In seed stories, part 3, I wrote about planting "CBS tableaux" in the front yard, and during Easter weekend this plan came to fruition at last.
In this context, 'CBS' refers not to a broadcast network but to the basic new-world native plants: Corn, Beans, and Squash. I learned the term from Gloria years ago in Pennsylvania, and today I brought it up just for the fun of remembering a drive she and I took to a plant nursery out in the country when I was on a quest for rhubarb and our younger sons were together in nursery school.
Today's googling, however, has led to a revelation! The CBS trinity of plants represents three sisters -- goddesses venerated in various forms by numerous Native American cultures: and documented here via a tribe, a seed company, a curriculum guide, and a museum.
Now, of course, I wish I'd asked Gloria more about CBS gardens. She had spent time in New Mexico and probably had first-hand knowledge of the three sisters. But we had other matters on our minds: children, chamber music, departmental politics, the gardens we were planting in 1971.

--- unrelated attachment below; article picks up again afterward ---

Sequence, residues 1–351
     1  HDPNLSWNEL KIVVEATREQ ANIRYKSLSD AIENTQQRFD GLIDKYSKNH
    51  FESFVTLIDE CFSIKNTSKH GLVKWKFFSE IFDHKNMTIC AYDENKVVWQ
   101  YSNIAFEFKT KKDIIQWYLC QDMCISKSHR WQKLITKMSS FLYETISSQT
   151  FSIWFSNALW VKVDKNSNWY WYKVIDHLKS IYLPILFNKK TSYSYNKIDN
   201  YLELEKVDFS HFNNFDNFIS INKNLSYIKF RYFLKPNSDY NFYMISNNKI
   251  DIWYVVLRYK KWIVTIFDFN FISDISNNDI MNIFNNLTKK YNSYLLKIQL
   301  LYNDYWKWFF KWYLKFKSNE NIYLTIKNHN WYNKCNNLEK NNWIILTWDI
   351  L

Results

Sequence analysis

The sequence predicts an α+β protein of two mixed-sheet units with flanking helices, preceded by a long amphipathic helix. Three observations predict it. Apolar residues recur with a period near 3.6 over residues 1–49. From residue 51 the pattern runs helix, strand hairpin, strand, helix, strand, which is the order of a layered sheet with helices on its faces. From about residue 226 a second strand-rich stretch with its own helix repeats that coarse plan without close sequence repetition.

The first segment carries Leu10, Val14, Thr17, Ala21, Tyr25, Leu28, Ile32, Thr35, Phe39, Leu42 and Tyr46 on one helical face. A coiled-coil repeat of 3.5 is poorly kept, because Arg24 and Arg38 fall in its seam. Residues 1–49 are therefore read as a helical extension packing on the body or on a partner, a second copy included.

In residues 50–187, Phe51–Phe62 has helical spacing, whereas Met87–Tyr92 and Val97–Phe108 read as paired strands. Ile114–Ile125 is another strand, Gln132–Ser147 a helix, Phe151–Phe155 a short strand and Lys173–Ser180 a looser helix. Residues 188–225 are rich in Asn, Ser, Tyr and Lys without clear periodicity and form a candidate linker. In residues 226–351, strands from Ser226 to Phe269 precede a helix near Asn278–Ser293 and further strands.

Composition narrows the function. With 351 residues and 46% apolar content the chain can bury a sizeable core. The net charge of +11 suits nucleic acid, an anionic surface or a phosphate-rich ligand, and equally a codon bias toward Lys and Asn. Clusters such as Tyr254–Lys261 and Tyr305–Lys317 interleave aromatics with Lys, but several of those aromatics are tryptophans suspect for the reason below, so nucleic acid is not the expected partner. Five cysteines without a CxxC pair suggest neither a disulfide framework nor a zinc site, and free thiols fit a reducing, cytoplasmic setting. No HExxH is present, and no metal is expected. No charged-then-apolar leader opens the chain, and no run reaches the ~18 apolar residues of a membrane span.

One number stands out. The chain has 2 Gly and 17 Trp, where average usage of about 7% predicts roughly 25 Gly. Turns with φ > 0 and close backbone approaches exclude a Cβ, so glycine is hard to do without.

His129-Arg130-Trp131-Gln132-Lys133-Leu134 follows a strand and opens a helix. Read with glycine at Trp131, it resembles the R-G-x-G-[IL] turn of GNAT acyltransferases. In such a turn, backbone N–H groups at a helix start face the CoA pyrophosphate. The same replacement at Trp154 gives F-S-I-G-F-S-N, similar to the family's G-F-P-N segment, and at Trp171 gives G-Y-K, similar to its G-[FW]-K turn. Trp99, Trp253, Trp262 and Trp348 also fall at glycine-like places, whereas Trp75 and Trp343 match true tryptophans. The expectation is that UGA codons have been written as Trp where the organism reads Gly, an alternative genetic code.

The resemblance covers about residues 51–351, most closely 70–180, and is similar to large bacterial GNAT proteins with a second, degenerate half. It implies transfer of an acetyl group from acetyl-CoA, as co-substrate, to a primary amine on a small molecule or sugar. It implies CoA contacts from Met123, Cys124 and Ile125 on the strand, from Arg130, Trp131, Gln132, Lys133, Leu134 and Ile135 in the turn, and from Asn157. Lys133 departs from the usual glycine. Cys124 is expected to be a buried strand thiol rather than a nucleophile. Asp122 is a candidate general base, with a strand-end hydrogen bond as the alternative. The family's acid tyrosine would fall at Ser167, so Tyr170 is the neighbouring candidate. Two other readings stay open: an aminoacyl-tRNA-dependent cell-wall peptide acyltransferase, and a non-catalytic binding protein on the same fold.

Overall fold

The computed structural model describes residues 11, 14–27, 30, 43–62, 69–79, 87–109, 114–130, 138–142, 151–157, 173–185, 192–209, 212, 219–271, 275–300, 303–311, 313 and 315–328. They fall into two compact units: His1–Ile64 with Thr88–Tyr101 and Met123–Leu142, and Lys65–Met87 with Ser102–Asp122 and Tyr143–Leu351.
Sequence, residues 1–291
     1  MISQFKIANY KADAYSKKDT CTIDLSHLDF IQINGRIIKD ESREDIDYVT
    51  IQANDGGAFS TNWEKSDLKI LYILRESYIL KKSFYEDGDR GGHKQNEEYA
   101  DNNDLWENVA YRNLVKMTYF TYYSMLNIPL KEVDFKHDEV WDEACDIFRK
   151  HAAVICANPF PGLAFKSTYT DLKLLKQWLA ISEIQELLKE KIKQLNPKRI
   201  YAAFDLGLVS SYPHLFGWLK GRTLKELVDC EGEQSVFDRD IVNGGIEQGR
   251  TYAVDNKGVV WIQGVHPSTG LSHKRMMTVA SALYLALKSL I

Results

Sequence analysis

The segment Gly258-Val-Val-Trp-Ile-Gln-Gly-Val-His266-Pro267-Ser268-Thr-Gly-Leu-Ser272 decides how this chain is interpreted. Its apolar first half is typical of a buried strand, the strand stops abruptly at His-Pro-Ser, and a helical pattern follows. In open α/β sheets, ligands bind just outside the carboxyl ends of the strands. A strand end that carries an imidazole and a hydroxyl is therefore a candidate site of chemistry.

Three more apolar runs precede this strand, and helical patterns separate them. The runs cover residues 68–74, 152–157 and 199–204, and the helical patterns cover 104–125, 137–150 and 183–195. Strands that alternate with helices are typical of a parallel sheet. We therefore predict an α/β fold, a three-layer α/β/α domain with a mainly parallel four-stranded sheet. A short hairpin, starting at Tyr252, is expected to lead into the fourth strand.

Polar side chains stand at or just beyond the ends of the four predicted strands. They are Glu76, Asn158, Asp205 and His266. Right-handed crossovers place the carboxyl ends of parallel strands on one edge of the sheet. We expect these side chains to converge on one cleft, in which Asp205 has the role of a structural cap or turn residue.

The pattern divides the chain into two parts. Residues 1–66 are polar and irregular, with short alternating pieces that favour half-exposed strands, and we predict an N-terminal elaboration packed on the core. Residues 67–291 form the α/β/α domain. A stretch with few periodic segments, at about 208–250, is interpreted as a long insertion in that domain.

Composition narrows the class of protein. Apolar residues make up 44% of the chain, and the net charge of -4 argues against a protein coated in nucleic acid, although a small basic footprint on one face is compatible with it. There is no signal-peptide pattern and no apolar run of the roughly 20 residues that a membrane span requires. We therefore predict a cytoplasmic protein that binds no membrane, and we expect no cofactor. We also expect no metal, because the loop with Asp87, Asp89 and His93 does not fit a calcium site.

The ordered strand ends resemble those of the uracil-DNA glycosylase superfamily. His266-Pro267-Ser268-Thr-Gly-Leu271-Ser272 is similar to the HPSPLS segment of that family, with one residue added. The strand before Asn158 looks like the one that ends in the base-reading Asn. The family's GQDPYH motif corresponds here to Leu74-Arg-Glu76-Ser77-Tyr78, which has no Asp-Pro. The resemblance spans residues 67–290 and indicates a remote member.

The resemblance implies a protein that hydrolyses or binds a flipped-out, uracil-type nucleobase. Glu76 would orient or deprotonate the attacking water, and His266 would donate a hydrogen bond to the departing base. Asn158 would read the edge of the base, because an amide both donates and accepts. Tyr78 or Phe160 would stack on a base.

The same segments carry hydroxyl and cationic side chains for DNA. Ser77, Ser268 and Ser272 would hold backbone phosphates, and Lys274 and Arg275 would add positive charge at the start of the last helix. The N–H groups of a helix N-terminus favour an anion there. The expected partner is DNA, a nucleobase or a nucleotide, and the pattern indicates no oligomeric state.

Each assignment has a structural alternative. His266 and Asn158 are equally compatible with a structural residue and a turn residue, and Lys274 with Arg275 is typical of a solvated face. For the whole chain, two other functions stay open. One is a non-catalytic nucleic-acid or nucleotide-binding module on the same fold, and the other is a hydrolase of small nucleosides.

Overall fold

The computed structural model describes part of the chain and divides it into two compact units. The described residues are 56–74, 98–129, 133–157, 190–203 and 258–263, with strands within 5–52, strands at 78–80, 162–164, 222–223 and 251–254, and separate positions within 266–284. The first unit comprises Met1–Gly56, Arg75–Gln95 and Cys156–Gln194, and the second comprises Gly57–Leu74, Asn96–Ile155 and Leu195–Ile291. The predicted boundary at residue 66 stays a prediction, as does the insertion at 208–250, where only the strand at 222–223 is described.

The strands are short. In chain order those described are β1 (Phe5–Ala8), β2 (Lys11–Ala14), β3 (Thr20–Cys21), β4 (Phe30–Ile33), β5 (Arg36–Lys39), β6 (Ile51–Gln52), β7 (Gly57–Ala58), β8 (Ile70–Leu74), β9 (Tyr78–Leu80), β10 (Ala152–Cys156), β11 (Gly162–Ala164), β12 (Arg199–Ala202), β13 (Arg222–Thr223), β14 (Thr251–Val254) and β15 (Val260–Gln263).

My CBS garden is centered on four inverted tomato cages. Each one includes seedlings of three types of plants: one sunflower, two or three ornamental corn, and one or two beans (rattlesnake and/or scarlet runner varieties). Zucchini squash seeds are planted in the narrow spaces between the cages, and a 'hill' of pumpkins will occupy a central area between the cages as soon as I prepare the soil properly. So it's actually SCBS, counting the sunflower, which is also a new-world native.
"Archetypes don't lie dormant long," I wrote in my poem Transubstantiation several years ago. I like to think that three (or four) metaphysical, metaphorical sisters will watch over our front yard as its focal point shifts from old-world and third-world ornamentals to new-world edibles.